Class Actions Blog

Swift Truck Driver Contractor Agreements Ruled to Be Contracts of Employment

Posted on: January 10th, 2017 by Steve Larson

In an interesting twist on the interpretation of the Federal Arbitration Act, an Arizona federal judge ruled that drivers’ contractor agreements with Swift Transportation Co. were contracts of employment, making them exempt from the Federal Arbitration Act (“FAA”).  The FAA  exempts from arbitration “contracts of employment of seamen, railroad workers, and workers engaged in foreign or interstate commerce.” Read more…

Hyundai Settles Defective Engine Class Action

Posted on: December 28th, 2016 by Steve Larson

U.S. District Judge Beth Labson Freeman announced that she would grant final approval to the proposed settlement agreement between Hyundai and class members alleging that the Hyundai Sonata contains a defective engine.  Named plaintiff, Elizabeth Mendoza, originally filed the class-action lawsuit in the spring of 2015. Mendoza claimed that the 2.4-liter Theta II engines that are installed in various Hyundai Sonata models contain a defacer that causes them to fail. The complaint alleges that the defect is due to faulty connecting rod bearings. Specifically, that when the bearings fail they cause metal debris to spread throughout the engine by way of the engine oil. Read more…

Cruise marketing companies settle TCPA class action for $76 million

Posted on: December 1st, 2016 by Steve Larson

shipThree cruise marketing companies have reportedly agreed to settle a class action alleging they violated the Telephone Consumer Protection Act by robo-calling millions of American consumers with offers for free trips.  The deal will reportedly cost the companies between $56 million and $76 million to settle the claims.

The deal, involving Caribbean Cruise Line Inc., The Berkley Group Inc. and Vacation Ownership Marketing Tours Inc. was entered into just shortly before the trial was set to begin. 

The plaintiffs, which include 1 million people who received calls from Caribbean Cruise Line and its subsidiary marketing companies between August 2011 and August 2012, will reportedly receive about $500 for each call they received.  The amount class members will receive will change depending on how many people make claims.  The minimum amount the companies will pay will be $56 million, while the maximum will be $76 million.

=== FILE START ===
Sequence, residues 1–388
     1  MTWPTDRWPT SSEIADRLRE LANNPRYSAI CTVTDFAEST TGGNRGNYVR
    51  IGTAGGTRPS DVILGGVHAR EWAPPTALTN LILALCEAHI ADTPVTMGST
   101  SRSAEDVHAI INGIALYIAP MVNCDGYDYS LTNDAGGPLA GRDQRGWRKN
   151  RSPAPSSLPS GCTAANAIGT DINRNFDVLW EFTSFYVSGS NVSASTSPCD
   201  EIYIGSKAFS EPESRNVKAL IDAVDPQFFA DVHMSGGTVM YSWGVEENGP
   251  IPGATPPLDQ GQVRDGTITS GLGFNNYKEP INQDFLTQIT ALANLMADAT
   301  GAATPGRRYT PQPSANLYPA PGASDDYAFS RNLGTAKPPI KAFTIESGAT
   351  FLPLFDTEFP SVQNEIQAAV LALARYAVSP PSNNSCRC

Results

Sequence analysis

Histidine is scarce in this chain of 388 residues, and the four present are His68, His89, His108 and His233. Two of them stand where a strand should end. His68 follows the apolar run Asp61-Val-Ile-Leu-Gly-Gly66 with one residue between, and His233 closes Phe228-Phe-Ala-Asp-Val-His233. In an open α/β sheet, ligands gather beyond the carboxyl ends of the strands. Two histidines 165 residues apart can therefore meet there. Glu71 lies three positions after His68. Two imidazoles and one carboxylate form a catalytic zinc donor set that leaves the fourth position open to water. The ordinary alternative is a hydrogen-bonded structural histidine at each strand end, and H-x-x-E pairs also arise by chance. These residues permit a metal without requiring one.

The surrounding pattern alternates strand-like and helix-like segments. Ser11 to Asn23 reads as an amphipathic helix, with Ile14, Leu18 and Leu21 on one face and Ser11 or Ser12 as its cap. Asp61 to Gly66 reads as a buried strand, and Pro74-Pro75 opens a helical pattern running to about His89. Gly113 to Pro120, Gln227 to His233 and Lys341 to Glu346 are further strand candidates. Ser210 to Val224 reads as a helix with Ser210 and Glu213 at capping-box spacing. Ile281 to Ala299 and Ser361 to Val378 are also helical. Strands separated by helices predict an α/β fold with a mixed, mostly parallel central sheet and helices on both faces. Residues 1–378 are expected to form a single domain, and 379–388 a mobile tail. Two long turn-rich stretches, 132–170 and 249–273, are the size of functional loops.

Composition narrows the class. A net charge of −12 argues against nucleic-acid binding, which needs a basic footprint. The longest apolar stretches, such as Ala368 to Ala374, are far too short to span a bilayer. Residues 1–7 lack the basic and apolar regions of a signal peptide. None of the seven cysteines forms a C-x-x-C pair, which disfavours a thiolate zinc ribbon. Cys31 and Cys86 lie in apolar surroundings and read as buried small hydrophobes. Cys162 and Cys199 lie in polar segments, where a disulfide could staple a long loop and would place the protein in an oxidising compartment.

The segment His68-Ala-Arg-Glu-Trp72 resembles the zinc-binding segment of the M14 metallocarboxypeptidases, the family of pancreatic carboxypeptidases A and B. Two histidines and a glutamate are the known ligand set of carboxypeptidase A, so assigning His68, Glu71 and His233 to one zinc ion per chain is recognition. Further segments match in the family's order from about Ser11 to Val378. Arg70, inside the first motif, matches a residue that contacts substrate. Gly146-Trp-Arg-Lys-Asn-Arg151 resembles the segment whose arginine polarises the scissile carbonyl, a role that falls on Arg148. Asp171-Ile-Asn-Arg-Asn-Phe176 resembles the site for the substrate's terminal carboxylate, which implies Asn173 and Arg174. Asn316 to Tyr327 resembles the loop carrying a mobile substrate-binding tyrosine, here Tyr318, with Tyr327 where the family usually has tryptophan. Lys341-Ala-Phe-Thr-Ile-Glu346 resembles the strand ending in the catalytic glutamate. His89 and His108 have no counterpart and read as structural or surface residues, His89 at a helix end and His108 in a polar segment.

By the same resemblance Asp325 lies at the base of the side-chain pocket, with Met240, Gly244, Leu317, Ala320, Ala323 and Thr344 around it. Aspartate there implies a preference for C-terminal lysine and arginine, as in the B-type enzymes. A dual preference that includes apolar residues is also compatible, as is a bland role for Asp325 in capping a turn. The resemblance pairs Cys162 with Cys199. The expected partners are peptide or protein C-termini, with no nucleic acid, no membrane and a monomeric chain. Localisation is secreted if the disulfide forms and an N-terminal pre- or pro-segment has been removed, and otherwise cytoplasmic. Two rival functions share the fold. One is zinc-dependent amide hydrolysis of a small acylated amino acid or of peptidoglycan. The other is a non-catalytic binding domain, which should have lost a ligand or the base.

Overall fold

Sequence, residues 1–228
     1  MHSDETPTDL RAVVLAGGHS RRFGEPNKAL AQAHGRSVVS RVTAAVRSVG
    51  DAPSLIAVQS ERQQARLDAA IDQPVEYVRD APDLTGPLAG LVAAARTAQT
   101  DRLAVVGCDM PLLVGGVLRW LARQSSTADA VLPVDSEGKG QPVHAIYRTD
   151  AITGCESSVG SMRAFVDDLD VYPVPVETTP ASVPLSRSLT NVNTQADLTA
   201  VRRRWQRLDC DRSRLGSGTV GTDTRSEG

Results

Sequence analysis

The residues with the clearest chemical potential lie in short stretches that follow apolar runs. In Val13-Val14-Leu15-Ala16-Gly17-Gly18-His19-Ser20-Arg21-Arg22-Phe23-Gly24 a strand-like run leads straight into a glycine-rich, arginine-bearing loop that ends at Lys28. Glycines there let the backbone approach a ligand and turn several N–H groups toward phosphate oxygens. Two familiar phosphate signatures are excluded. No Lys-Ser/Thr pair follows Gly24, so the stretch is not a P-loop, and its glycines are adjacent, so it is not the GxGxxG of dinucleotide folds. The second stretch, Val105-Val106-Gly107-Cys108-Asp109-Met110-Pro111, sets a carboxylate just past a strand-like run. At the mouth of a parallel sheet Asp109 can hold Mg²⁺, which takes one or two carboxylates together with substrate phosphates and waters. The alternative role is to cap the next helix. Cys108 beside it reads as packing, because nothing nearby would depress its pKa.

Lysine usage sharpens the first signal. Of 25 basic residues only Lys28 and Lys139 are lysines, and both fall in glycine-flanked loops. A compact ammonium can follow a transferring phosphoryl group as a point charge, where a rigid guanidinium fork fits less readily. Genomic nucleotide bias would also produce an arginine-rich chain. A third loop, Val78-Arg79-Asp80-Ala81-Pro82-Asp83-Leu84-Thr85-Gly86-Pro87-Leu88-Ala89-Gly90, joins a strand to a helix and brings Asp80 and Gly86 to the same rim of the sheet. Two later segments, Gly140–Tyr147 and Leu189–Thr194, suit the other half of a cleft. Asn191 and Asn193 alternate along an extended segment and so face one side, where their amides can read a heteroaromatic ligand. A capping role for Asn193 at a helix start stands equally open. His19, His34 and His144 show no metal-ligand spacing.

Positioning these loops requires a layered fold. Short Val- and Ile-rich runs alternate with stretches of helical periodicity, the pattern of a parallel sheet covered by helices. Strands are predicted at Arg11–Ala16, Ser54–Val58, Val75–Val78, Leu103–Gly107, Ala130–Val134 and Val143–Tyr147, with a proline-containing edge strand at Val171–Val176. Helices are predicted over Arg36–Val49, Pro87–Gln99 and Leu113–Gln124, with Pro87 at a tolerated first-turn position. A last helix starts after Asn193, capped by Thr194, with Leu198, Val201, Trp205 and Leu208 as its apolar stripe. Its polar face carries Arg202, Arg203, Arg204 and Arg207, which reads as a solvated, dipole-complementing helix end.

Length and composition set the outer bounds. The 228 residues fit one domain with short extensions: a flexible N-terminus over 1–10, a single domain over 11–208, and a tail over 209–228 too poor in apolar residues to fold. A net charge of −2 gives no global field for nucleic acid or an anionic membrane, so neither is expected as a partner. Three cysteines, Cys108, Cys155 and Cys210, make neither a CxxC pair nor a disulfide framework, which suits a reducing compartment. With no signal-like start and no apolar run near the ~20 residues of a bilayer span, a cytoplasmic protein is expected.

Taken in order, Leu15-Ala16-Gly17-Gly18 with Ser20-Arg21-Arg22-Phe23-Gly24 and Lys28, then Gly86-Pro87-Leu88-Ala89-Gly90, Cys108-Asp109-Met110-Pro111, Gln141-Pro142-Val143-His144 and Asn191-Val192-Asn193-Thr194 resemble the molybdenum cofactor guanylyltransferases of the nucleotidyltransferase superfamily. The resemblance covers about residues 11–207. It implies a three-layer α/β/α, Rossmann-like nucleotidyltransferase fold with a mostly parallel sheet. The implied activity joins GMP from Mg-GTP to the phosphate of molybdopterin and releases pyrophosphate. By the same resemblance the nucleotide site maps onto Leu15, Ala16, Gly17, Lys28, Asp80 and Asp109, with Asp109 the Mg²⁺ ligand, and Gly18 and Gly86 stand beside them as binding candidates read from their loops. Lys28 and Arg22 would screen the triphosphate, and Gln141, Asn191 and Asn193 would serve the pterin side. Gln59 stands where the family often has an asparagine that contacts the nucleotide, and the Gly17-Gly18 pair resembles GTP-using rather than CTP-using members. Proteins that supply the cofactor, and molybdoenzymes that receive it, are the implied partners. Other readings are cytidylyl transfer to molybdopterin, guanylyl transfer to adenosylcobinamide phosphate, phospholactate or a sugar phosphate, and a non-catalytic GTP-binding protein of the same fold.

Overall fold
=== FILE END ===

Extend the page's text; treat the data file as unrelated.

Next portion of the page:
The case is Birchmeier et al. v. Caribbean Cruise Line Inc. et al., case number 1:12-cv-04069, in the U.S. District Court for the Northern District of Illinois.

 

Class actions can provide happy endings

Posted on: November 30th, 2016 by Steve Larson

Here is a good article on how class actions can provide happy endings: http://www.patriciamclinn.com/harlequin-lawsuit-happy-ending/

Dreamworks to pay $50 million to settle animators class action

Posted on: November 29th, 2016 by Steve Larson

Employees of Dreamworks Animation who worked as animators have announced they have agreed to a $50 million settlement arising out of a class action alleging that Dreamworks Animation entered into a “no poach” agreement with other studios over the hiring of animators.  The lawsuit had been filed in September 2014, and claims against Twentieth Century Fox and Sony Corp. had previously settled.  Twentieth Century Fox agreed to pay $6 million and Sony Corp. agreed to pay $13 million.  Judge Lucy Koh approved those settlements.

The complaints were filed after the U.S. Department of Justice began an investigation into the hiring practices of Silicon Valley businesses. Last year, Judge Koh approved a $415 million settlement in a different class action accusing Google, Inc., Apple Inc. and others of agreeing not to poach each other’s software engineers.

The case is In re: Animation Workers Antitrust Litigation, case number 
5:14-cv-04062, in the U.S. District Court for the Northern District of California.

 

Wells Fargo settles class action over marked up fees for appraisals

Posted on: November 28th, 2016 by Steve Larson

FeeWells Fargo has agreed to pay $50 million to a class of more than 250,000 mortgage holders to settle claims that the bank improperly marked up fees for third-party home appraisals following loan defaults in California.  The complaint alleged that although the mortgage agreements allowed Wells Fargo to charge borrowers for getting broker price opinions (“BPO’s”) from third-party real estate brokers, Wells Fargo secretly charged more for the BPOs than the bank paid for them.  A BPO is an informal type of home appraisal prepared by a real estate broker that a lender will typically demand once a borrower defaults on a residential loan.

The case is Latara Bias, et al., v. Wells Fargo & Co., et al., case number 4:12-cv-00664, in the U.S. District Court for the Northern District of California.

Legal Disclaimer

The information contained in this blog does not constitute legal advice, and does not create an attorney-client relationship. We make no claims, promises or guarantees about the accuracy, completeness, or adequacy of the information contained in or linked to this blog.

About Class Actions:

About this blog

This blog is intended to provide information to the general public and to practitioners about developments that may impact Oregon class actions.

About the author

  • Steve Larson

  • Steve Larson
  • Steve Larson has been representing investors, consumers and employees in class actions in Oregon for over 20 years. He is a shareholder at the law firm of Stoll Berne in Portland, Oregon.
Follow stollberne on Twitter

Subscribe to this blog